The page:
My recommendation

If you like competitive programming, good for you. You've got a bright future ahead. If you're like me, and think that sport programming is not a good fit for you, build. Keep building good apps. Contribute to open source. There are companies now that hire on the basis of take home assignments and how you tackle an engineering problems rather than having your draw an algorithm on a board.


If you want to get into Big Tech, I have some sad news for you: you'll need to do Leetcode. There's absolutely no other way around it. The way their assessments work is centerd on solving these algorithmic challenges, where they want to see how well you can design a solution to a problem. Aim to do anywhere between 1 to 3-4 problems on Leetcode daily and you'll be fine. Just keep in mind, that this is not a competition. Focus on writing clean, structured, modular code, and try explaining your solution to people. That'll help more than doing CP.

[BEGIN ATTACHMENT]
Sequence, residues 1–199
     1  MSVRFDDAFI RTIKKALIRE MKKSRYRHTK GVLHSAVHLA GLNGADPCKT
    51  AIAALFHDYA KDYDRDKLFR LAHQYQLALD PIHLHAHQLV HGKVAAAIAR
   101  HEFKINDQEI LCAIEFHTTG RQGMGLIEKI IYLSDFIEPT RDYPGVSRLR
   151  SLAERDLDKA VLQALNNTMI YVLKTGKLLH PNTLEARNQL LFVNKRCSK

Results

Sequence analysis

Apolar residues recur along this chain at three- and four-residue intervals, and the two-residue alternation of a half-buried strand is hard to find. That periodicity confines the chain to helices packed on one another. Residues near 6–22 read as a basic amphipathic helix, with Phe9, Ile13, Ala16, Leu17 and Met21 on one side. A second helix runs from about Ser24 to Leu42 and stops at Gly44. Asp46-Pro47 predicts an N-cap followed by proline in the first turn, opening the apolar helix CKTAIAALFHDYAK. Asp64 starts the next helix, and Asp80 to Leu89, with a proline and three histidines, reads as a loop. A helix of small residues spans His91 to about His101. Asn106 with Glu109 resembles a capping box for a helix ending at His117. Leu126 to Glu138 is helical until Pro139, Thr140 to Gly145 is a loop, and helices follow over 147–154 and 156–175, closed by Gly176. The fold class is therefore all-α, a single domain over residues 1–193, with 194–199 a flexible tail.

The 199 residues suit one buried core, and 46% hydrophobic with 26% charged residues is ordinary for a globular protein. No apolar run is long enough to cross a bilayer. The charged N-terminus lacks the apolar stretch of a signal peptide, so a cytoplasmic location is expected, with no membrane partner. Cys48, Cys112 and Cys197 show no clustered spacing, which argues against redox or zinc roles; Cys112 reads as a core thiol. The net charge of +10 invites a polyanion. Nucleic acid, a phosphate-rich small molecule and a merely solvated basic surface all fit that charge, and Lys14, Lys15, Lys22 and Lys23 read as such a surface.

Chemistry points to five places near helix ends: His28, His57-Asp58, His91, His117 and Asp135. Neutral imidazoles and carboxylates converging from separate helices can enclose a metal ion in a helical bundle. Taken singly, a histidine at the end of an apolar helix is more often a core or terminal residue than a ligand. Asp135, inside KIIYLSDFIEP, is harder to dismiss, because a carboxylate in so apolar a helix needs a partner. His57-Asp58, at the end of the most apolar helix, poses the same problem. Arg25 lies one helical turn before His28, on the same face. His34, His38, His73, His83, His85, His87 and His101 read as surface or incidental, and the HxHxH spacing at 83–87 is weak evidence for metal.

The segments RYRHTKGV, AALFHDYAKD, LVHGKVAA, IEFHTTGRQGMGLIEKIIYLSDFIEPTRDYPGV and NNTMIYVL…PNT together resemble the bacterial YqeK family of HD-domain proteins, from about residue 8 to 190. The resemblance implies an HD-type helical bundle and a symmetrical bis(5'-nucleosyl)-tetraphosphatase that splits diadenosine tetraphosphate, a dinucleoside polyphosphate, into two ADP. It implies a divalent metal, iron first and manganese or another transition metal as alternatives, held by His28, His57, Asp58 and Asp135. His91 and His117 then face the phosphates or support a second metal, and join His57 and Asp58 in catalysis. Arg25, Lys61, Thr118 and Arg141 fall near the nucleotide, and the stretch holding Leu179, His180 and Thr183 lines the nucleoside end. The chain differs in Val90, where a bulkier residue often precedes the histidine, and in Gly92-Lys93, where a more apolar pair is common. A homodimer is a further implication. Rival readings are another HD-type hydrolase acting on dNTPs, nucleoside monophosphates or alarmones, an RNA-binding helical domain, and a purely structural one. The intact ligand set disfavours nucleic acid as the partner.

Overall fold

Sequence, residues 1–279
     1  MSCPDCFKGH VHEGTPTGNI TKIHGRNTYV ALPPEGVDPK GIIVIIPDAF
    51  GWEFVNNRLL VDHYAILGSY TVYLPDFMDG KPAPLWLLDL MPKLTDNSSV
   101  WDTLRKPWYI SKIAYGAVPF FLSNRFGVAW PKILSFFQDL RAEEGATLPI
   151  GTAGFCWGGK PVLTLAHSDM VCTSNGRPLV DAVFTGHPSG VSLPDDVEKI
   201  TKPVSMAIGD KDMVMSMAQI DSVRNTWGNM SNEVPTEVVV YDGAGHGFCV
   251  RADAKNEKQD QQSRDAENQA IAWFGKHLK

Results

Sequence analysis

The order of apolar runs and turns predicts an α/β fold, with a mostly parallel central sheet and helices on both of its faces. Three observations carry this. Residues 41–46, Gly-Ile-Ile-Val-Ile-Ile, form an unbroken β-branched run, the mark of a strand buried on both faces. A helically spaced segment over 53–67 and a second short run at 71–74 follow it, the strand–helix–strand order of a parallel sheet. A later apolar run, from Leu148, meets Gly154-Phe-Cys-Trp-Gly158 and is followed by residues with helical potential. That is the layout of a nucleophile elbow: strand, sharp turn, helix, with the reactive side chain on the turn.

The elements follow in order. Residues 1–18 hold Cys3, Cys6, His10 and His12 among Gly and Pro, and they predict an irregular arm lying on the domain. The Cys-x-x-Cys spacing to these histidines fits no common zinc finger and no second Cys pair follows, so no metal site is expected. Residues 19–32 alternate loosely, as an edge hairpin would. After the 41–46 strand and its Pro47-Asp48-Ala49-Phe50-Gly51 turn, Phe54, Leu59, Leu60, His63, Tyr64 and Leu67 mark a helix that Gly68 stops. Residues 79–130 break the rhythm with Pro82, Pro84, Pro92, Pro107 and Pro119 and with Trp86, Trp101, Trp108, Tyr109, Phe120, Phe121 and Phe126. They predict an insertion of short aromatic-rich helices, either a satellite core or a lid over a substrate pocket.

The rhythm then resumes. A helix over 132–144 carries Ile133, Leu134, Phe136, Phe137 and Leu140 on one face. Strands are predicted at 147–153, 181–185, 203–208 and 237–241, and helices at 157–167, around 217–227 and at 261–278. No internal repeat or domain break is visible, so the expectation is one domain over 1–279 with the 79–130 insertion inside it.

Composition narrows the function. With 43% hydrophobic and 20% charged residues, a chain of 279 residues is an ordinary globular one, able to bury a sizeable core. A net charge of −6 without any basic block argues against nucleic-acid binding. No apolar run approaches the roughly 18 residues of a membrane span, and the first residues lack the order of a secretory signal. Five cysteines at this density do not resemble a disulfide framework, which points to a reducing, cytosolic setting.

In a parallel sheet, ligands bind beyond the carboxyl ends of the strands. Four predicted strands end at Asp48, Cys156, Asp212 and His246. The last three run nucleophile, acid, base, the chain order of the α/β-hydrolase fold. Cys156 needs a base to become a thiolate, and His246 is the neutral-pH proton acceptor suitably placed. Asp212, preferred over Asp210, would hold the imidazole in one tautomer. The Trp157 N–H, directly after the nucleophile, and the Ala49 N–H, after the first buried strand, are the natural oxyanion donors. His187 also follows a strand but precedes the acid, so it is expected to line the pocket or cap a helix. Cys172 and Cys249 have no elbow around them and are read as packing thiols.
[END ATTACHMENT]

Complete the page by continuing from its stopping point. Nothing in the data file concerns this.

In Conclusion,

Doing sport programming boils down a lot to your personal preferences. If you find it stimulating and interesting, by all means, devote your time to it. But, don't do it just because you think it's a gateway to big tech companies. There are other ways to get in, and besides, being a good engineer is far more important in my eyes than working at MAANG. That being said, do try to solve a couple questions daily on Leetcode, but remember to build a clean, modular solution with good conventions. They'll certainly help with your technical interviews.